2. Design agendas and facilitate advisory board meetings with advisory board members. One of the agreements we made with TAP’s advisory board is that we will rotate the responsibility of designing our agendas and facilitating our meetings among advisory board members in collaboration with the Heinz Endowments’ staff. This has allowed us to deepen our relationships with advisory board members. It also has helped build relationships among the board members themselves, who are more visible to one another and can collaborate while refining the ideas and questions that our staff ask.

3. Design data-collection, evaluation, and learning processes with advisory board members. Before we developed an advisory board, we convened a body of more than 20 current and potential grantees and engaged in a six-month process to answer the question: How can the arts transform the lives of youth living in economically distressed neighborhoods? We traveled as a group—staff, grantees, and potential grantees—to three different cities; produced data for the cohort at their request, based on our prior grantmaking in distressed neighborhoods; and eventually incorporated grantee ideas of what transformative art for youth might look like in Pittsburgh. This process led to almost $2 million in grants, including the redesign of a more standard Pittsburgh YMCA into a YMCA Youth Creativity Center that will include a recording studio, black box theater, outdoor amphitheater, professional kitchen, and video studio.

Grantee inclusion is a critical and important step toward mutual accountability; when implemented deeply, it lets us imagine even more far-reaching practices of accountability, transparency, and partnership between grantmakers and grantees. To this end, we are not without models. Innovation in this area is coming from social justice funders, for example, such as London’s EDGE Fund or Philadelphia’s Leeway Foundation. These funders moved past inclusion to accountability by having members of the field serve as the governing body and having grantees vote on aspects of the awarding process.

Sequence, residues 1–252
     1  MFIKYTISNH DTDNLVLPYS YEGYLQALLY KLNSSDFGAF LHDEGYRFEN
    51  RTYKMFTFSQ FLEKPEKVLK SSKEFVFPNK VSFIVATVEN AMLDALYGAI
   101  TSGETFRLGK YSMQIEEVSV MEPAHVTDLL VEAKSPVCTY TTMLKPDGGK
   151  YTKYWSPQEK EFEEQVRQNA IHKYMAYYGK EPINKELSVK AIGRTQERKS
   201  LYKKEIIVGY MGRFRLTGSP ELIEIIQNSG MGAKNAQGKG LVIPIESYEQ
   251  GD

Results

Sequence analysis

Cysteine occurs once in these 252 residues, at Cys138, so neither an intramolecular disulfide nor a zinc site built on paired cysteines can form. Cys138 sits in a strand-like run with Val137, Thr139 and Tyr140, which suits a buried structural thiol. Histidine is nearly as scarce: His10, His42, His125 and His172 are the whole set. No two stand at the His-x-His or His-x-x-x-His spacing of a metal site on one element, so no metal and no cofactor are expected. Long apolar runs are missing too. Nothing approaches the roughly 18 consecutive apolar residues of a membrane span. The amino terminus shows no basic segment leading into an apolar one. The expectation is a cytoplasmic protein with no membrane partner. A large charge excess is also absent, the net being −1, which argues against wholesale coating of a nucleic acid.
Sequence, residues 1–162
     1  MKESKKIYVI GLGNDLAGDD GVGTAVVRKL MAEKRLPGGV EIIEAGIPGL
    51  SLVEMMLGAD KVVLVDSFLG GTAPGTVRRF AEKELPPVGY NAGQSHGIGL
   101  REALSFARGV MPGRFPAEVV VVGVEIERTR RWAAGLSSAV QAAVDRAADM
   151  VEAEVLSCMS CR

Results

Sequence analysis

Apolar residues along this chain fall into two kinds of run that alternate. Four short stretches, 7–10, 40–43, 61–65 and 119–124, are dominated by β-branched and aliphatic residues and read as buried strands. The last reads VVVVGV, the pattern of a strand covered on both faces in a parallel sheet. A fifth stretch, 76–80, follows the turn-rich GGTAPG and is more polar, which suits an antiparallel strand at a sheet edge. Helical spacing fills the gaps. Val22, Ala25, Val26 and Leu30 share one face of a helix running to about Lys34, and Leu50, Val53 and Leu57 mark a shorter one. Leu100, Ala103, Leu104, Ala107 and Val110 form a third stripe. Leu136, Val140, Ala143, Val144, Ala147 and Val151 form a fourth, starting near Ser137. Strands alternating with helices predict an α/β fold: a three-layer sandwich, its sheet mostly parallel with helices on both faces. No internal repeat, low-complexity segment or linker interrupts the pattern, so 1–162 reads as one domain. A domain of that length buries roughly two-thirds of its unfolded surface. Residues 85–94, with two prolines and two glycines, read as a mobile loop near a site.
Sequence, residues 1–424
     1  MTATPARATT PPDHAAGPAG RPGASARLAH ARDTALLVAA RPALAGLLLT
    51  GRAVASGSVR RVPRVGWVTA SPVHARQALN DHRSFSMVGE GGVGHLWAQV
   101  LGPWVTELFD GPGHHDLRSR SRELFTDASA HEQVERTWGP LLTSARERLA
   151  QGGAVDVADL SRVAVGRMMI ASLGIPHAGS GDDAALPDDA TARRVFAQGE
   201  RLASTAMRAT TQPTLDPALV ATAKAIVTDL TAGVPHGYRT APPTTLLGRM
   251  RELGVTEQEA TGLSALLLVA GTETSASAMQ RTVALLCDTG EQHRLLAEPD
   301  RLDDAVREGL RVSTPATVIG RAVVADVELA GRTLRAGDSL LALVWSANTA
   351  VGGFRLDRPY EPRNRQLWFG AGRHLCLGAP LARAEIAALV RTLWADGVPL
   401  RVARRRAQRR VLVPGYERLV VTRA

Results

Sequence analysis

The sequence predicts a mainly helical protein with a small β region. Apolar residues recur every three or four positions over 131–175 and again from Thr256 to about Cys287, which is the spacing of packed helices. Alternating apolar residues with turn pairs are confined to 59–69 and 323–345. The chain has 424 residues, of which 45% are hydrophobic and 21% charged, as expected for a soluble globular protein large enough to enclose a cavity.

I am grateful for the opportunity the Change Incubator has given us to think through questions of inclusion and beyond, and for prior work I’ve done with Grantmakers in the Arts, which introduced me to The People’s Institute for Survival and Beyond and the idea of accountability as a critical component of anti-racist work, and shaped my thinking about the design of the Transformative Arts Process. Of course, building a new vision of mutual accountability for the social sector amidst our huge wealth, power, and race disparities is a long row to hoe. But I have learned through our work at the Heinz Endowments that technical approaches to inclusion can give us small-scale examples of how our field might transform.